Incredibly popular television programs are filmed in the state, including Stranger Things and The Walking Dead. Some of Marvel’s box-office-smashes, including Avengers: Infinity War and Black Panther were also shot there.

According to the Los Angeles Times, the state is home to anywhere between 30-40 productions at a time. Companies have taken their projects there as a result of both the warm weather and the 30 percent tax credit the state offers to film, television, and other productions who film there.

The Fetal Heartbeat Bill

Currently, Georgia allows abortion up to 20 weeks into a pregnancy. This time will cut dramatically by January 2020 unless the bill sees blocks in court, which it likely will.

The American Civil Liberties Union has already promised to challenge the bill, tweeting, “see you in court,” shortly after the news broke.

H.B. 481 mandates that Georgia consider “unborn children as natural persons.” It also allows for women who perform their own abortions to be liable for murder. The same applies to a woman who miscarries if prosecutors can prove her actions, such as drug or alcohol use, caused it.

Exceptions will be made in cases of rape, incest, or of the mother’s life is in jeopardy.

See what others are saying: (The Hollywood Reporter) (Los Angeles Times) (The Hill)

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Billionaire Pledges to Pay Loan Debt of This Year’s Morehouse College Graduates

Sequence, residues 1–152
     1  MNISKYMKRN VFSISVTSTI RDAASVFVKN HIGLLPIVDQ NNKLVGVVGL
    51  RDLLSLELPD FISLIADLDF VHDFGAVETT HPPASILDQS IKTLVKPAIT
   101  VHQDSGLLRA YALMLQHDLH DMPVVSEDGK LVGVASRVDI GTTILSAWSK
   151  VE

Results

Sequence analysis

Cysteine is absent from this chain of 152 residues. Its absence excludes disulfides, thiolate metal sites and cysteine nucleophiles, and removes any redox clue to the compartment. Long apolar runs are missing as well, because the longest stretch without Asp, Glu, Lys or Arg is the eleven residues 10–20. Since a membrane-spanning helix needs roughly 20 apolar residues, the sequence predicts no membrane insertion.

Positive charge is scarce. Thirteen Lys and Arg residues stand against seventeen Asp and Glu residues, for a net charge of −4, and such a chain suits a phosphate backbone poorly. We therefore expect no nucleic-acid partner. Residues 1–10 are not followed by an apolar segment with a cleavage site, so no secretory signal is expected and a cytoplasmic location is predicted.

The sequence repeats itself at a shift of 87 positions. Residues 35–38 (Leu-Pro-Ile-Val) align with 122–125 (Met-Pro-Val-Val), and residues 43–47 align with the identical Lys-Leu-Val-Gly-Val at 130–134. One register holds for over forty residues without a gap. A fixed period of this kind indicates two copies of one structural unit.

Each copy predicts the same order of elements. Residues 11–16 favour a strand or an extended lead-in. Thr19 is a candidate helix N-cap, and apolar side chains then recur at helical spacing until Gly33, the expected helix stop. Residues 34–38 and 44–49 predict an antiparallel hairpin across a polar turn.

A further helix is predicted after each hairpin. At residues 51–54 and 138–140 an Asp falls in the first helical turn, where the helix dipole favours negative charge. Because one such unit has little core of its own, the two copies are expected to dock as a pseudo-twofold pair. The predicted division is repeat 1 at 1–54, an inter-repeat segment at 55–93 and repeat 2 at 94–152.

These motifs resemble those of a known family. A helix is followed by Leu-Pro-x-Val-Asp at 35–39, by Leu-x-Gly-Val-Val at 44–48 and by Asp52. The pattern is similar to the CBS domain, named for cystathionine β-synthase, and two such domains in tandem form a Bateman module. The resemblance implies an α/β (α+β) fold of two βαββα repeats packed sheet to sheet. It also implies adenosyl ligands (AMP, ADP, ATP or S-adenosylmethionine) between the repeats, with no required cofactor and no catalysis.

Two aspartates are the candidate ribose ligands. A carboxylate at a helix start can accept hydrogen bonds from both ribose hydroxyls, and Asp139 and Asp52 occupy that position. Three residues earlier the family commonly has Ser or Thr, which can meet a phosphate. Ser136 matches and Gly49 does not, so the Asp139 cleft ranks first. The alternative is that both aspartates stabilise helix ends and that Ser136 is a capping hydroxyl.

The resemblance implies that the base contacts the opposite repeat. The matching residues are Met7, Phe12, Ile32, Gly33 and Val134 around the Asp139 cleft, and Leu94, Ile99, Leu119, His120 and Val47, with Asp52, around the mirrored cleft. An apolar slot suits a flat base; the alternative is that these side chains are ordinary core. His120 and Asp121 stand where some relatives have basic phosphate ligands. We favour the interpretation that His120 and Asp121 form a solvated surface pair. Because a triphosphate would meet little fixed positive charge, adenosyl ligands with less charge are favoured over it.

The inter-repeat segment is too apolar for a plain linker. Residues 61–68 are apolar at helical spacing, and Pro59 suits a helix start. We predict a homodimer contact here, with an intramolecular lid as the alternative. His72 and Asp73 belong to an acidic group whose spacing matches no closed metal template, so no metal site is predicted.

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  • Billionaire investor Robert F. Smith promised to pay off the student loan debt of the 2019 graduates at Morehouse College, an all-male historically black school in Atlanta, Georgia.
  • Though the exact amount of the class’ debt is still being calculated, the gift is expected to be around $40 million.
  • This is just one of Smith’s major donations in recent years.

A Generous Gift

Billionaire tech investor and philanthropist Robert F. Smith said he will pay off the student debt for all graduates in Morehouse College’s class of 2019.

Smith announced the news on Sunday while delivering the commencement address at the all-male historically black college in Atlanta, Georgia.

“On behalf of the eight generations of my family who have been in this country, we’re gonna put a little fuel in your bus,” he said. “This is my class, 2019. And my family is making a grant to eliminate their student loans.”

His announcement shocked the nearly 400 graduates, who reacted with cheers and applause.

One graduating student named Aaron Mitchom told the Associated Press that he had drawn up a spreadsheet to calculate how long it would take him to pay off his $200,000 in student debt. According to his math, it would take him about 25 years.

“I can delete that spreadsheet,” he told the AP after the commencement. “I don’t have to live off of peanut butter and jelly sandwiches. I was shocked. My heart dropped. We all cried. In the moment it was like a burden had been taken off.”

Brandon Manor, another graduate, told the New York Times, “Now all of a sudden, I can look at schools I might not have considered, because I am not applying with about $100,000 in undergraduate loans.”

Who is Robert F. Smith?

Smith, the founder and CEO of the private equity firm Vista Equity Partners, is worth an estimated $5 billion and is the richest black man in America, according to Forbes.

The 56-year-old who originally hails from Colorado but now lives in Austin went to Cornell for his undergraduate degree and earned a B.S. in chemical engineering. Afterward, Smith earned his MBA from Columbia Business School.